Myanmar: Army says it is investigating a mass grave in Rakhine state
The army said it found the grave after acting on a tip-off from ‘someone who asked not to be named’.
Myanmar security forces have found a mass grave on the edge of a village in the Rakhine state and are investigating it, the country’s army said on Monday, Reuters reported.
For months now, the United Nations has been accusing Myanmar’s troops of committing atrocities against the Rohingya Muslim population in that region, after a militant attack in August got security forces conducting a violent crackdown in the state.
At least 6,50,000 Rohingya Muslims were forced to flee to Bangladesh in the past few months, where they now live in crowded refugee camps.
The army posted a statement about the mass graves on the Facebook page of the military’s commander-in-chief, Senior General Min Aung Hlaing. It said unidentified bodies had been found at a cemetery in the village of Inn Din, 50 km north of the state capital Sittwe.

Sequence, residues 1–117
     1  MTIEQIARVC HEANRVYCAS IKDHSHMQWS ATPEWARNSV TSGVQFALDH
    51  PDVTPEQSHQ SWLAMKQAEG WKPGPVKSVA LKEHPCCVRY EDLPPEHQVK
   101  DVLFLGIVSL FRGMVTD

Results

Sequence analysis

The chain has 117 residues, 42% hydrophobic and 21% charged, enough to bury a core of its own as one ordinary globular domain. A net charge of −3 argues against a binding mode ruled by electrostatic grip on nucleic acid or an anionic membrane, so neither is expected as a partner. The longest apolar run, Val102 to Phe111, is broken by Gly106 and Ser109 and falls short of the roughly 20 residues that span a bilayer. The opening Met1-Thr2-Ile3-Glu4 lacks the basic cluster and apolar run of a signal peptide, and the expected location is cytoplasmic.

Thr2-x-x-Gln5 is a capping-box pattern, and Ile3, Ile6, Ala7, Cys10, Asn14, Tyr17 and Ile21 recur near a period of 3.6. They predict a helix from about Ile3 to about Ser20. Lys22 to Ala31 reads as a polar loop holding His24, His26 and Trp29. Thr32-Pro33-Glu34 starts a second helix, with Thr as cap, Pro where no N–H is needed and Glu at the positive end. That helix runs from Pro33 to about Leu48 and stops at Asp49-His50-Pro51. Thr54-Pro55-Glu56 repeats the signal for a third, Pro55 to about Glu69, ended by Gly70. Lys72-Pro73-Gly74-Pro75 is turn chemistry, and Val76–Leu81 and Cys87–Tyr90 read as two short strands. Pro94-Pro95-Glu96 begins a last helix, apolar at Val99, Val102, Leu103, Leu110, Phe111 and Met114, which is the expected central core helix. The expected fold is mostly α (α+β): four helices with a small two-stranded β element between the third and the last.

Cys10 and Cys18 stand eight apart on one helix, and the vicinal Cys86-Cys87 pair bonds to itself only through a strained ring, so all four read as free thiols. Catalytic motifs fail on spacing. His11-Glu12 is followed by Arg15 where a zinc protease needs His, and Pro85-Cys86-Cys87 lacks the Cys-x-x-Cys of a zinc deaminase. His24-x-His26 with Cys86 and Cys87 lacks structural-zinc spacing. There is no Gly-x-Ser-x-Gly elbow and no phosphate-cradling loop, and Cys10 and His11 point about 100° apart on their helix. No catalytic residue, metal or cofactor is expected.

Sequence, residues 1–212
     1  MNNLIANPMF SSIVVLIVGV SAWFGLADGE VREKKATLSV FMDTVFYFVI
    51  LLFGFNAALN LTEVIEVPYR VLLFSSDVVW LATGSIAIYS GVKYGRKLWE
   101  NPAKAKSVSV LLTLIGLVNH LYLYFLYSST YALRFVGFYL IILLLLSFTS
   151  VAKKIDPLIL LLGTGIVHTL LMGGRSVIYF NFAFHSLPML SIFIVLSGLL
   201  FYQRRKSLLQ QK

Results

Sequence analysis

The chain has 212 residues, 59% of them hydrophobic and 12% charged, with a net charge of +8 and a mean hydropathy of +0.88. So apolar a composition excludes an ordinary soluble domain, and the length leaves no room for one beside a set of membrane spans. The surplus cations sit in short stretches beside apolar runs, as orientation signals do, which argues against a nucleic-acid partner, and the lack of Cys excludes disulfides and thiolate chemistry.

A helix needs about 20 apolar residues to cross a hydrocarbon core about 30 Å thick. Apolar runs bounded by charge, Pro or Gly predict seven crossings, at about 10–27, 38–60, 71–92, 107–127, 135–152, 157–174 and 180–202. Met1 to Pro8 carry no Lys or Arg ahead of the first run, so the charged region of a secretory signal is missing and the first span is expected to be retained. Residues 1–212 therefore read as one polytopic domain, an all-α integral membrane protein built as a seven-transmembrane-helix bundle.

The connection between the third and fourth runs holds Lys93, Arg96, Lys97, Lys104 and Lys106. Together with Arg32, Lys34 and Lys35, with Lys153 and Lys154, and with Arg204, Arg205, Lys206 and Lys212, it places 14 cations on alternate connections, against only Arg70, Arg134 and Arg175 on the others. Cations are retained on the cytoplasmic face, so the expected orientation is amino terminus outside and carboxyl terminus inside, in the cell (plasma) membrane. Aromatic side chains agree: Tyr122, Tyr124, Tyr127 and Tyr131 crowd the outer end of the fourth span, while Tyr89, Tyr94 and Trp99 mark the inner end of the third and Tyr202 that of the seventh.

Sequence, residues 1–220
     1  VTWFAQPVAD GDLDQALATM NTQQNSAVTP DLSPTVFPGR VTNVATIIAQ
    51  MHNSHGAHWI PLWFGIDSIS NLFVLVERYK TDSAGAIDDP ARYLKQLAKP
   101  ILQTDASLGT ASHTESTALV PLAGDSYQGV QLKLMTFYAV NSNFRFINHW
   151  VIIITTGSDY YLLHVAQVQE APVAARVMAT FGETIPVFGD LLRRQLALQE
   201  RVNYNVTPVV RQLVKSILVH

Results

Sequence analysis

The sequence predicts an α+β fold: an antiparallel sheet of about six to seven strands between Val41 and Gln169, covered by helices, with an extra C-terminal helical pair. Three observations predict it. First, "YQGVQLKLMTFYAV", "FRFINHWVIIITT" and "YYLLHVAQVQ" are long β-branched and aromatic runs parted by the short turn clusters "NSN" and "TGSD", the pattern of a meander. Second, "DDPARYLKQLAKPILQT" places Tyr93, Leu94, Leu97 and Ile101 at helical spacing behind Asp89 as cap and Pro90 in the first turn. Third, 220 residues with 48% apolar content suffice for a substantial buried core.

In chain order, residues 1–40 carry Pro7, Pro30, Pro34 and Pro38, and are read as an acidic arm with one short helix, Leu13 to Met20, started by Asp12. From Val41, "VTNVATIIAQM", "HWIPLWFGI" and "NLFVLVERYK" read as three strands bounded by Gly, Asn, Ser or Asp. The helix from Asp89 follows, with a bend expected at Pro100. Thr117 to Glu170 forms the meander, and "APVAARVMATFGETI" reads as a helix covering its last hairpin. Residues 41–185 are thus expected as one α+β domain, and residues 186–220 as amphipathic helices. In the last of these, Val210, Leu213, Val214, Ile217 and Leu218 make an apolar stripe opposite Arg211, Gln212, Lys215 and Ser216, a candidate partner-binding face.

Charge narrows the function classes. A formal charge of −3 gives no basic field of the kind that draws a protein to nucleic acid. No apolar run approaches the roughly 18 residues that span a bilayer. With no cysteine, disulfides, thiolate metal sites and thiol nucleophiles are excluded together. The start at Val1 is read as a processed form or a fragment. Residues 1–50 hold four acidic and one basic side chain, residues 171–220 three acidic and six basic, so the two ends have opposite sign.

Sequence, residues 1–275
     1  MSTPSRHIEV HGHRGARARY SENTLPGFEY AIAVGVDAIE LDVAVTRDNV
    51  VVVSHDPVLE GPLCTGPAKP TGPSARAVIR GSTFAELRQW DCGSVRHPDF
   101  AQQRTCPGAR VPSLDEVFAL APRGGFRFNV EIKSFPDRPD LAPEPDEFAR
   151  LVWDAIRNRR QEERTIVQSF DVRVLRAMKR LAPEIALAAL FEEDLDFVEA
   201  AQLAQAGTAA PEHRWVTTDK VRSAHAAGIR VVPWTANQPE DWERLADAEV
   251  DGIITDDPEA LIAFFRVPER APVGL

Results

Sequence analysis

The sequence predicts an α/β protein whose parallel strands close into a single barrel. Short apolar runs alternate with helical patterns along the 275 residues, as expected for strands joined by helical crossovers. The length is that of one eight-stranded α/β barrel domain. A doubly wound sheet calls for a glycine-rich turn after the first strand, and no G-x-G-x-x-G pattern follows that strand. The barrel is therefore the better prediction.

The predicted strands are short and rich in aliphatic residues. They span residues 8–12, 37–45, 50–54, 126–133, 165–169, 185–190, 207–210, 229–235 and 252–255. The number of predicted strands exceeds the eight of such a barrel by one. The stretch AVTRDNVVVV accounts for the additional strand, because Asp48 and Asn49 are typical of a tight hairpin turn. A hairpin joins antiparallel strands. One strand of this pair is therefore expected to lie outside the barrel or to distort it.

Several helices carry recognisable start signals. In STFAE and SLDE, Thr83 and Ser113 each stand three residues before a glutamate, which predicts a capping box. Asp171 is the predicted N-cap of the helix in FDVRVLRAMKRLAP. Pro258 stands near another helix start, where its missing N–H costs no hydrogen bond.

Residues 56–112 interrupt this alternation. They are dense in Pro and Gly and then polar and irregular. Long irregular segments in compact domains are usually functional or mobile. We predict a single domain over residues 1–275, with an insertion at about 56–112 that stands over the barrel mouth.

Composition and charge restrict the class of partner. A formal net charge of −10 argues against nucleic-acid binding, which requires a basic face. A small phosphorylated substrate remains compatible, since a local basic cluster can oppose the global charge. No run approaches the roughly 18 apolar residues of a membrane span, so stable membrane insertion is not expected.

The army said it acted on a tip-off from “someone who asked not to be named”. It did not say how many bodies were found or what community they belonged to, but added that “strong legal action will be taken if any member of security forces are involved,” AFP reported.
Ever since violence broke out in the region, the United Nations and several other human rights groups have accused Myanmar of a systematic ethnic cleansing campaign against the Muslim minority.
On Tuesday, Human Rights Watch released a report that said the army had carried out “systematic killings and rape” of hundreds of Rohingya in the Tula Toli village in northern Rakhine on August 30.
Last week, international humanitarian organisation, Doctors Without Borders, said at least 6,700 Rohingya were killed in the very first month of violence.